"Knowledge Vault: A Web-Scale Approach to Probabilistic Knowledge Fusion" is authored by Xin Luna Dong, Evgeniy Gabrilovich, Geremy Heitz, Wilko Horn, Ni Lao, Kevin Murphy, Thomas Strohmann, Shaohua Sun, Wei Zhang - all of them from Google. The paper explains that "Knowledge Vault is different from previous works on automatic knowledge base construction as it combines noisy extractions from the Web together with prior knowledge, which is derived from existing knowledge bases". Google's paper uses the open source Freebase graph, but it's obvious that Freebase would be replaced with Knowledge Graph in Google Search.

{ via Search Engine Land }

Add YouTube Search Results to a Playlist

If you want to quickly add videos to a YouTube playlist, you can click YouTube's search box, enter a query, mouse over search results, click the 3-dot menu icon and pick an existing playlist or create a new one. You can add videos without having to open them, then you can edit the playlist from this page.

External Addresses No Longer Use Gmail SMTP Servers

Gmail has a feature that lets you send mail from a different email address. For non-Gmail addresses, you could send email addresses using Gmail's SMTP servers or through the email provider's SMTP servers. Now you can no longer use Gmail's SMTP servers when adding new accounts:

We rolled out a change for new accounts where if you would like to send mail as from a non-Gmail or non-Google Apps account, you can no longer use the option of Gmail's servers to send your mail. Google is a strong supporter of email authentication standards including DKIM, SPF and DMARC. This is one in a series of changes to strengthen email authentication, and end any practices by Google products which break authentication.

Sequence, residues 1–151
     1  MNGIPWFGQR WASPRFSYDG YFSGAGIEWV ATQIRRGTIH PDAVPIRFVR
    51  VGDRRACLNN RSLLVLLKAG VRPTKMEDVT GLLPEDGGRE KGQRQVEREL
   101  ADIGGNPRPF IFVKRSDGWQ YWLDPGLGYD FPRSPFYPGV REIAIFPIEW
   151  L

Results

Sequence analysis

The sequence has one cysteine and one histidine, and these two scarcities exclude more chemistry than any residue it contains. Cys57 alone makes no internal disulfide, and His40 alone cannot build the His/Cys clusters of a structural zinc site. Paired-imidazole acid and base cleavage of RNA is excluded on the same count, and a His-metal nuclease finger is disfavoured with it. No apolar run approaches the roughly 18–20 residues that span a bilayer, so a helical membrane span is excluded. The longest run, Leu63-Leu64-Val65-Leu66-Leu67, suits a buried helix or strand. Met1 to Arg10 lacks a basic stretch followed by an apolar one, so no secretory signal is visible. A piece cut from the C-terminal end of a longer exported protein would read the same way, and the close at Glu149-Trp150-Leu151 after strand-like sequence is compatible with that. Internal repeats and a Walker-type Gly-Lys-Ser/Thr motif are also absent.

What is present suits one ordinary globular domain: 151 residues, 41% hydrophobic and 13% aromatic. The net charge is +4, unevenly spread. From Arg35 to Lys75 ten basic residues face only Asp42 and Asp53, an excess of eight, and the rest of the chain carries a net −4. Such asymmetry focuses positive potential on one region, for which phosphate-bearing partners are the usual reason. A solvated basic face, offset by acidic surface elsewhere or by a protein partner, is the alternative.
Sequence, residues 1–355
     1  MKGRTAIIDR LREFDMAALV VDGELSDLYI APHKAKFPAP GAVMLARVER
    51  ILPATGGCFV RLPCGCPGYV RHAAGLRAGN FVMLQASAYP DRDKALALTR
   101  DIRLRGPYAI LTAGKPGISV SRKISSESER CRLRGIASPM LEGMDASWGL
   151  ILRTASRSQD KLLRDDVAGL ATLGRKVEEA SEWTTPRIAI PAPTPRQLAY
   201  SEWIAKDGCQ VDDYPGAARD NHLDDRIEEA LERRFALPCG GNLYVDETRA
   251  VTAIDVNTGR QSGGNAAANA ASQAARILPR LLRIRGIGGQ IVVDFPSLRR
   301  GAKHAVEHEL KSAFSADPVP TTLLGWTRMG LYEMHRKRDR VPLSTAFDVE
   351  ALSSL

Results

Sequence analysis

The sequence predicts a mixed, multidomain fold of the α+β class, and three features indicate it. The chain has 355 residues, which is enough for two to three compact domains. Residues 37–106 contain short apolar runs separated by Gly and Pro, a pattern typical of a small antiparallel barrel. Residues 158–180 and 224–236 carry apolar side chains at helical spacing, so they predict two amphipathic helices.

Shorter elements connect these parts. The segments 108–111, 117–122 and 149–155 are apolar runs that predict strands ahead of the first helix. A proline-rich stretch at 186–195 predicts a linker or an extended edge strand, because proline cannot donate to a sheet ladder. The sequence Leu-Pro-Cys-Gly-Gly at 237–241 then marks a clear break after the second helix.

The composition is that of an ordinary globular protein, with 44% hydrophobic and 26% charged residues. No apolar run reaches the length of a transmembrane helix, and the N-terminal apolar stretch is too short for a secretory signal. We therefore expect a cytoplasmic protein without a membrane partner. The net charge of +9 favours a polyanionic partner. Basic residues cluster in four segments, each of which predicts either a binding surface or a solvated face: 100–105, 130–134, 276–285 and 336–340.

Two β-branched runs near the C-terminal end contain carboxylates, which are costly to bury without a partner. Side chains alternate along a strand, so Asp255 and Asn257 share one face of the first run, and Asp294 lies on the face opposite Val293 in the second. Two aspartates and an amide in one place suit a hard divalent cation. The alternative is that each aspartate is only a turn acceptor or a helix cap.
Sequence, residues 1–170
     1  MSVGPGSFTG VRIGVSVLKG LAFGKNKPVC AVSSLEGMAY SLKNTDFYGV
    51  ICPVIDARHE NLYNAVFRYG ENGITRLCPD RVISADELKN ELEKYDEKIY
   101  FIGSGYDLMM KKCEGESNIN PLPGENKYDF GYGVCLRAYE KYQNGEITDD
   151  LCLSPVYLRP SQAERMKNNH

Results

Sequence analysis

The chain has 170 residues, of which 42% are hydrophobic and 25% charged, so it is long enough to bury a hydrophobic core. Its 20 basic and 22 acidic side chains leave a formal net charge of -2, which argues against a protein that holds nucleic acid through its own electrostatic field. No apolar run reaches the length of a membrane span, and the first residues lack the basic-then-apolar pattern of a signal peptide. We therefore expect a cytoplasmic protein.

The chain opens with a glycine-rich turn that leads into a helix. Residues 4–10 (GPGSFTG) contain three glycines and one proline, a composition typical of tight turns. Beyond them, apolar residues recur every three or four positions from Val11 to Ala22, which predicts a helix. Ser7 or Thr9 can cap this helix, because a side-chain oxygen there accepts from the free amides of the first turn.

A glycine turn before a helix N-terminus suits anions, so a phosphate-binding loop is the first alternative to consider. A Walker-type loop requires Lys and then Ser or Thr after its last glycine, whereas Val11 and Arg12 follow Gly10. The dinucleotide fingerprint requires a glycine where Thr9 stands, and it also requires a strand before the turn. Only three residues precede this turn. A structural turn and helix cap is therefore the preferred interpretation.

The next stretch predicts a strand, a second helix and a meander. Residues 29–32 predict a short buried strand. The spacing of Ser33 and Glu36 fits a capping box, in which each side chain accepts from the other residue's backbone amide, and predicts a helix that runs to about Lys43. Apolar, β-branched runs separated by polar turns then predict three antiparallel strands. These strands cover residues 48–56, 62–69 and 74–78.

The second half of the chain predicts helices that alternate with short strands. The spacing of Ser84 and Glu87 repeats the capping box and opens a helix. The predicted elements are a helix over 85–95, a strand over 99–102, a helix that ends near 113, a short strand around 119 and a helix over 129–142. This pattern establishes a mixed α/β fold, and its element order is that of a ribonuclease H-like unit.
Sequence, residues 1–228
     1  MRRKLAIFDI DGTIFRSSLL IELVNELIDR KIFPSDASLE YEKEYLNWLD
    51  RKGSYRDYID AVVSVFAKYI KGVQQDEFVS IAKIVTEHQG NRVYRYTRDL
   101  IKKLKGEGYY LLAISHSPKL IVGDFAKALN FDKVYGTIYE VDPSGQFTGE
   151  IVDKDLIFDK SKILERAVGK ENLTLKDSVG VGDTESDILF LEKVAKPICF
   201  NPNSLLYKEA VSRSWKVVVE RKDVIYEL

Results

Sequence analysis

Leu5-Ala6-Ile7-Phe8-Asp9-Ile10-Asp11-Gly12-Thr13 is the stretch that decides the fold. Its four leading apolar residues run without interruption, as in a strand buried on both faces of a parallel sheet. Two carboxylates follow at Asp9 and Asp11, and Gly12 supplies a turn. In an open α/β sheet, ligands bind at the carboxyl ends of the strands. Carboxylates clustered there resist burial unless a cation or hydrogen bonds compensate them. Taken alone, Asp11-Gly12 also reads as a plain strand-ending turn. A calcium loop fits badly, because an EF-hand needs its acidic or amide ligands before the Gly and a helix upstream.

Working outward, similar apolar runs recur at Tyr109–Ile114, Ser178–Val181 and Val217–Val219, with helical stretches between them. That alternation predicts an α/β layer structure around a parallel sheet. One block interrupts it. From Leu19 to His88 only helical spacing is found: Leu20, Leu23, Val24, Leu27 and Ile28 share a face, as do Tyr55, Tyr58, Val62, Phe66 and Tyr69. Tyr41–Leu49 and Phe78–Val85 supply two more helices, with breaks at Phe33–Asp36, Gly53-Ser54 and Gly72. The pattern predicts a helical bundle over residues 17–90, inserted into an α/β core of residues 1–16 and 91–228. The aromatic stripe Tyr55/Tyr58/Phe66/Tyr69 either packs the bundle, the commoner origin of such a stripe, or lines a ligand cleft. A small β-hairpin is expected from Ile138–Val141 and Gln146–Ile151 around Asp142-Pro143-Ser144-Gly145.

Any accounts which previously were using Send Mail As via Gmail servers will not be affected, you can keep the previous set up. If you are a Google Apps user sending from a domain alias or email alias you can also check out the steps listed in this help center article under "I'm a Google Apps for Business user sending from a domain alias or email alias".

The help center article has more information: "Your other email provider has to provide authenticated SMTP support for you to use this option. We'll use TLS by default, or SSL if you enable it. Many email services that provide POP or IMAP support also offer authenticated SMTP support, and you can likely find your SMTP server configuration instructions alongside information about POP or IMAP."

Until 2009, all the addresses you added to your Gmail account used Gmail's SMTP servers. In 2009, Gmail added the option to use the email provider's SMTP servers. One of the benefits was that email clients like Outlook no longer displayed "From On Behalf Of". At that time, Google mentioned that "we recognize that your other address might not have a server that you can use to send outbound messages — for example, if you use a forwarding alias rather than an actual mailbox, or if your other email provider doesn't support authenticated SMTP, or restricts access to specific IP ranges. For this reason, we've kept the original method as well." Now, the original method is no longer available.

{ Thanks, Jan Willem Hengeveld. }

August 23, 2014

Why Switch to HTTPS?

Google tries to move the entire web to HTTPS, but you may wondering if it's really necessary. If you only have a blog or any other site that only displays static content, why would you use SSL? John Mueller and Pierre Far, both from Google, have the following answer:

Some webmasters say they have "just a content site", like a blog, and that doesn't need to be secured. That misses out two immediate benefits you get as a site owner:

1. Data integrity: only by serving securely can you guarantee that someone is not altering how your content is received by your users. How many times have you accessed a site on an open network or from a hotel and got unexpected ads? This is a very visible manifestation of the issue, but it can be much more subtle.

2. Authentication: How can users trust that the site is really the one it says it is? Imagine you're a content site that gives financial or medical advice. If I operated such a site, I'd really want to tell my readers that the advice they're reading is genuinely mine and not someone else pretending to be me.

Change the Query in Google Search Easter Eggs